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May 20, 2014

Why is DB2 Rewriting my SQL?

The EXPLAIN statement provides a view into what DB2 determines is the optimum access path for accessing the data. The valid statements that can be processed by the EXPLAIN statement are SELECT, MERGE and INSERT, as well as search forms of UPDATE and DELETE. The information obtained from the EXPLAIN statement is placed in a set of user tables known as the EXPLAIN tables. The DB2 for z/OS Managing Performance guide has details about using EXPLAIN as well as lists of tables.

With DB2 11, column changes have been made to some existing tables. New tables have also been added to the family of EXPLAIN tables. For a complete list of changes, see Chapter 12 ("EXPLAIN Table Changes in Version 11) in the What's New guide.

As IBM brings new features such as temporal and archive tables to the database, it becomes more important to your tuning efforts to know when DB2 is modifying your SQL. These modifications to the EXPLAIN tables in DB2 11 are designed help you identify these changes:

* The PLAN_TABLE includes a new column, EXPANSION_REASON, that identifies the particular global variable or special register that's used to implicitly modify the query to support temporal or archive table processing.

* The DSN_PREDICATE_TABLE is an existing table with a change to the description. The description is: The predicate table, DSN_PREDICAT_TABLE, contains information about all of the predicates in a query. It is also used as input when you issue a BIND QUERY command to override predicate selectivities for matching SQL statements.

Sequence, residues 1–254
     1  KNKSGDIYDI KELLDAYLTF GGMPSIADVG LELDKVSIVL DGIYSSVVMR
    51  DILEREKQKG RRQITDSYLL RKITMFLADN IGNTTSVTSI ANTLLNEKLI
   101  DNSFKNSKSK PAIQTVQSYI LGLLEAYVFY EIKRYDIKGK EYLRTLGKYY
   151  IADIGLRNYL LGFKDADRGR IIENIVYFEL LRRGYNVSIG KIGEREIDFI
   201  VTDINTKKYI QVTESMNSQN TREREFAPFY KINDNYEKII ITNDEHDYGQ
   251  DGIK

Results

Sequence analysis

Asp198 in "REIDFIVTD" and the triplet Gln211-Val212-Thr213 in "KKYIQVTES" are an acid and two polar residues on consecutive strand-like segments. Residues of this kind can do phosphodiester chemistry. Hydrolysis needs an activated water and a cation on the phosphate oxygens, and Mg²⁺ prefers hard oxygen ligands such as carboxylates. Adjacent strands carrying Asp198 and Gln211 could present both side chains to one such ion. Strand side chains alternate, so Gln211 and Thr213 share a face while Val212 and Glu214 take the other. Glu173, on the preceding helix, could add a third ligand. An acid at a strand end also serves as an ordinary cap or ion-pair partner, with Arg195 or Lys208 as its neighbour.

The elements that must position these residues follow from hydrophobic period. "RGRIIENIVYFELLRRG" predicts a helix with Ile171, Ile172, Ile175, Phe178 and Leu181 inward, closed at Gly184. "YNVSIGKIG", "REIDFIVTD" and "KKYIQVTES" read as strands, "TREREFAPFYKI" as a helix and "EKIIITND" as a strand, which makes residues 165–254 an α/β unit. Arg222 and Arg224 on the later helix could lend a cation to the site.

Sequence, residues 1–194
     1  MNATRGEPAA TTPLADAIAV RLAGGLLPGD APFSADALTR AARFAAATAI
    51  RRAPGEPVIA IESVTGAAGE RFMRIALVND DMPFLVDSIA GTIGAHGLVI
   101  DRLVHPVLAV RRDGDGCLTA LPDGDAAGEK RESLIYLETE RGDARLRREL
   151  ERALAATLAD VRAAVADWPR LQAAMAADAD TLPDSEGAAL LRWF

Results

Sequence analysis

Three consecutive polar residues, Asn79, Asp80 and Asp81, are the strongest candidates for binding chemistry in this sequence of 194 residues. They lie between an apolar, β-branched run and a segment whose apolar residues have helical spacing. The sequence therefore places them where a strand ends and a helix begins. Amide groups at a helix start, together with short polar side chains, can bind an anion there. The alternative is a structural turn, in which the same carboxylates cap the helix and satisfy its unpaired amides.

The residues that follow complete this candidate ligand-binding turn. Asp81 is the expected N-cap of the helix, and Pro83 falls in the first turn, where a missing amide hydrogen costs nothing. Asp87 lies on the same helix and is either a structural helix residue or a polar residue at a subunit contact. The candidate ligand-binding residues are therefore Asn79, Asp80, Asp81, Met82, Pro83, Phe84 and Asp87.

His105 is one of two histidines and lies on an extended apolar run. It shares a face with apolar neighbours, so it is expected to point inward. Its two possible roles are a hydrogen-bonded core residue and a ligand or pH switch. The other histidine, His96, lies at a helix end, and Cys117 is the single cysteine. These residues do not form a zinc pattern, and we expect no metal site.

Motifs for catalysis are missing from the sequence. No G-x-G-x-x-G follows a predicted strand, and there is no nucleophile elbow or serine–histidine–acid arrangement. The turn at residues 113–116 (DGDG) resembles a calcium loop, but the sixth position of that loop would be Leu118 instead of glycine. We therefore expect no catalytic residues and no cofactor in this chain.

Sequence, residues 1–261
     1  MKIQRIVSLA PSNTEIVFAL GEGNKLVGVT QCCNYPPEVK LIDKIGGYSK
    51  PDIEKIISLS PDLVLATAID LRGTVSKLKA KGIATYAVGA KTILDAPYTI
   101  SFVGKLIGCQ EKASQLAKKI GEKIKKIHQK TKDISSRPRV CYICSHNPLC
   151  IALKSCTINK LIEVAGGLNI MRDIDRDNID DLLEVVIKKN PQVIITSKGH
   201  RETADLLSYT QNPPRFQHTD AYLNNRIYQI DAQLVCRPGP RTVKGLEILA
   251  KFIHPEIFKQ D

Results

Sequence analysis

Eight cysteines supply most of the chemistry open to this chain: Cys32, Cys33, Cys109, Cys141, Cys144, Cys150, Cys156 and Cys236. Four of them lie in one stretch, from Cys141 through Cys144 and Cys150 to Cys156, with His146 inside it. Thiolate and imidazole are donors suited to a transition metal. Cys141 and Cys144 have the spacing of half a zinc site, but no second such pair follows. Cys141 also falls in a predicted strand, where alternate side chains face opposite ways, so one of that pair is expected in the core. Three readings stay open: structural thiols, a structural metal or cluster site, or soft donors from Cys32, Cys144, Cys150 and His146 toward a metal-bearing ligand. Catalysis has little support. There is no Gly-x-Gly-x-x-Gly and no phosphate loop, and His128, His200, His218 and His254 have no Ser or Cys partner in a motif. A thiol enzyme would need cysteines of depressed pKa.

When DB2 rewrites the SQL, the ADDED_PRED values identify the actions that DB2 performed.

A list of ADDED_PRED values follows. I've added my own notes in parentheses.

blank -- DB2 didn't add the predicate.

'B' -- For bubble up. (Note: DB2 copies predicates from sub-select or table-expression  into the outer query to help filter rows more quickly.)

'C' -- For correlation. (Note: When a sub-select is written without a correlation, the optimizer determines that a correlated sub-select will perform better than a non-correlated query.)

'J' -- For join. (Note: When the optimizer detects that related tables are being processed without providing join criteria, join criteria is added.)

'K' -- For LIKE for expression-based index. (Note: The optimizer detected an expression index and modified the SQL to take advantage of this index.)

'L' -- For localization.

'P' -- For push down. (Note: The optimizer detected a predicate from an outer query that can be used in a sub-select or table expression.)

'R' -- For page range.

'S' -- For simplification.

'T' -- For transitive closure.

Hopefully IBM will soon publish additional documentation on these values and how they're being used to improve performance.